Biomarkers of aging

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Biomarkers of aging are biomarkers that better predict functional capacity at a later age than chronological age.[1] Stated another way, biomarkers of aging would give the true "biological age", which may be different from the chronological age.

Validated biomarkers of aging would allow for testing interventions to extend lifespan, because changes in the biomarkers would be observable throughout the lifespan of the organism.[1] Although maximum lifespan would be a means of validating biomarkers of aging, it would not be a practical means for long-lived species such as humans because longitudinal studies would take far too much time.[2] Ideally, biomarkers of aging should assay the biological process of ageing and not a predisposition to disease, should cause a minimal amount of trauma to assay in the organism, and should be reproducibly measurable during a short interval compared to the lifespan of the organism.[1]

Although graying of hair increases with age,[3] hair graying cannot be called a biomarker of ageing. Similarly, skin wrinkles and other common changes seen with aging are not better indicators of future functionality than chronological age. Biogerontologists have continued efforts to find and validate biomarkers of aging, but success thus far has been limited. Levels of CD4 and CD8 memory T cells and naive T cells have been used to give good predictions of the expected lifespan of middle-aged mice.[4]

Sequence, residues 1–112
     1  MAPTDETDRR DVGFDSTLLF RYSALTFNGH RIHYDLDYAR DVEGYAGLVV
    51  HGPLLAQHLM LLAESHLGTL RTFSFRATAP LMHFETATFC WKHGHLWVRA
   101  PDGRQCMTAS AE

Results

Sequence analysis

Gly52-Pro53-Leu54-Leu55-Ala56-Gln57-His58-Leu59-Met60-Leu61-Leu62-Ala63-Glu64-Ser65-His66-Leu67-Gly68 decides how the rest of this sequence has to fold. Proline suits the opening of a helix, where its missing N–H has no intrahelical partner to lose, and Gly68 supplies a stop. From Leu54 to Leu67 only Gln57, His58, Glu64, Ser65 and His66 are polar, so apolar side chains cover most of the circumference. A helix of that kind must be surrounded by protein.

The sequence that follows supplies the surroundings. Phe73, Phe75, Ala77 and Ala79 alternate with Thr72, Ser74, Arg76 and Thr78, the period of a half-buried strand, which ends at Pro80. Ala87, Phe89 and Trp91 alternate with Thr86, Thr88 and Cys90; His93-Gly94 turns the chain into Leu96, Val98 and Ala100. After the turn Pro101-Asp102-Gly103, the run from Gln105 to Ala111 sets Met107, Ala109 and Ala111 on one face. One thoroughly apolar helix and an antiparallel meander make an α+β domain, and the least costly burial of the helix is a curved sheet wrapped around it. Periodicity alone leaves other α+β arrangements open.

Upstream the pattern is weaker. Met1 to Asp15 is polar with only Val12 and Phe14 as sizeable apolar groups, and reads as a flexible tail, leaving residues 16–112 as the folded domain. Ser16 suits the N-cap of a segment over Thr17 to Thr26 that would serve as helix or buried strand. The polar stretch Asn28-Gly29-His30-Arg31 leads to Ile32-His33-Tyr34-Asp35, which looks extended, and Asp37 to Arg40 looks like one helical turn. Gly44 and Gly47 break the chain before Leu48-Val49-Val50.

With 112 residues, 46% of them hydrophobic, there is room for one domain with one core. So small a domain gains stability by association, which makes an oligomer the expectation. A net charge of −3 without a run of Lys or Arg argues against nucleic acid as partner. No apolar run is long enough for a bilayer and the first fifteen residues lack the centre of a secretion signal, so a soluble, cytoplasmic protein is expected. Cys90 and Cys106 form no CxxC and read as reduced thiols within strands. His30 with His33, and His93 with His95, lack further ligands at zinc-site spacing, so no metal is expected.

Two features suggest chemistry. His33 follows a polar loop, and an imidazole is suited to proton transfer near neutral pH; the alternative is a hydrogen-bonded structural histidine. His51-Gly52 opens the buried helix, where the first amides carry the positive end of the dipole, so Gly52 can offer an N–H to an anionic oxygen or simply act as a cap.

Biological clocks, for example the epigenetic clock, are promising biomarkers of aging.[5]

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References[edit]

  1. ^ a b c George T. Baker, III and Richard L. Sprott (1988). "Biomarkers of aging". EXPERIMENTAL GERONTOLOGY 23 (4-5): 223–239. doi:10.1016/0531-5565(88)90025-3. PMID 3058488. 
  2. ^ Harrison, Ph.D., David E. (November 11, 2011). "V. Life span as a biomarker". Jackson Laboratory. Retrieved 2011-12-03. 
  3. ^ Van Neste D, Tobin DJ (2004). "Hair cycle and hair pigmentation: dynamic interactions and changes associated with aging". MICRON 35 (3): 193–200. doi:10.1016/j.micron.2003.11.006. PMID 15036274. 
  4. ^ Miller RA (2001). "Biomarkers of aging: prediction of longevity by using age-sensitive T-cell subset determinations in a middle-aged, genetically heterogeneous mouse population". JOURNALS OF GERONTOLOGY 56 (4): B180–B186. doi:10.1093/gerona/56.4.b180. PMID 11283189. 
  5. ^ Horvath S (2013). "DNA methylation age of human tissues and cell types". Genome Biology 14 (10): R115. doi:10.1186/gb-2013-14-10-r115. PMC 4015143. PMID 24138928. 

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